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‘Terminator’ rebel warlord gets 30 years for his crimes

Rebel leader: Bosco Ntaganda
escorted by troops
at his base in
Kabati in 2009 PICTURE: GETTY

A WARLORD known as ‘The Terminator’ has been sentenced to 30 years in prison by the International Criminal Court for crimes that included murder, rape and sexual slavery.

Bosco Ntaganda received the court’s highest-ever sentence after being found guilty in July of 18 counts of war crimes and crimes against humanity.

He was charged over his role as a military commander in carrying out atrocities during an ethnic conflict in a mineral-rich region of the Democratic Republic of Congo between 2002 and 2003.

Ntaganda (below) showed no emotion as presiding judge Robert Fremr passed sentences ranging from eight to 30 years for individual crimes and an overall sentence of 30 years.

Ida Sawyer, deputy director of Human Rights Watch’s Africa division, said: ‘Bosco Ntaganda’s 30-year sentence sends a strong message that even people considered untouchable may one day be held to account.

‘While his victims’ pain cannot be erased, they can take some comfort in seeing justice prevail.’

Ntaganda, who insists he is innocent, became a symbol for widespread impunity in Africa in the seven years between being indicted by the global court and turning himself in as his power base fell apart in 2013.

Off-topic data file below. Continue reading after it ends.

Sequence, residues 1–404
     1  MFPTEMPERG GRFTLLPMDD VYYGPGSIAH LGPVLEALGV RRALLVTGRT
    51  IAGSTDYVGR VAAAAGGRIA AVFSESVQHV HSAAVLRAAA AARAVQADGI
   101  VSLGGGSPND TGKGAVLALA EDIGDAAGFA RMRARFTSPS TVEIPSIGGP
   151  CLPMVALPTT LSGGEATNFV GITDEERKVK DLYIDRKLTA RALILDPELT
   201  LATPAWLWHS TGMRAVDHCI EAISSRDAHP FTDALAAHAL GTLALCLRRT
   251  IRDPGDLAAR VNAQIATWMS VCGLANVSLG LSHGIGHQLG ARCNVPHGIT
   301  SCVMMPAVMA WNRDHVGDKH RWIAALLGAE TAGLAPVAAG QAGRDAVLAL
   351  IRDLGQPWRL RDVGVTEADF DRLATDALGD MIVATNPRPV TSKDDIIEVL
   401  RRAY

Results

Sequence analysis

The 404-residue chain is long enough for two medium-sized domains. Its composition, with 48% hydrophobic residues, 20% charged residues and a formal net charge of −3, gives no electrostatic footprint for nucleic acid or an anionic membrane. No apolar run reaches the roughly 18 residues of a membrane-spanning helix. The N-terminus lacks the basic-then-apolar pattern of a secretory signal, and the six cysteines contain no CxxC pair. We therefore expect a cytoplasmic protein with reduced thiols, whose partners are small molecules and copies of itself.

Judges said he was guilty as a direct perpetrator or a co-perpetrator of a string of crimes including murders, rapes of men and women, using child soldiers and a massacre in a banana field.

Child soldiers were raped by Ntaganda’s troops and forced into sexual slavery, leaving them with physical and psychological scars, the court heard. Ntaganda also used them as bodyguards.

He spent weeks testifying in his own defence, saying that he wanted to put the record straight about his reputation as a ruthless military leader. However, he was unable to convince the three-judge panel of his innocence.

Ntaganda was the deputy chief of staff and commander of operations for rebel group the Patriotic Forces for the Liberation of Congo.

Its leader, Thomas Lubanga, was convicted by the ICC in 2012 of using child soldiers and is serving 14 years in jail.

Ntaganda was convicted of far more crimes. He has 30 days to appeal his sentence.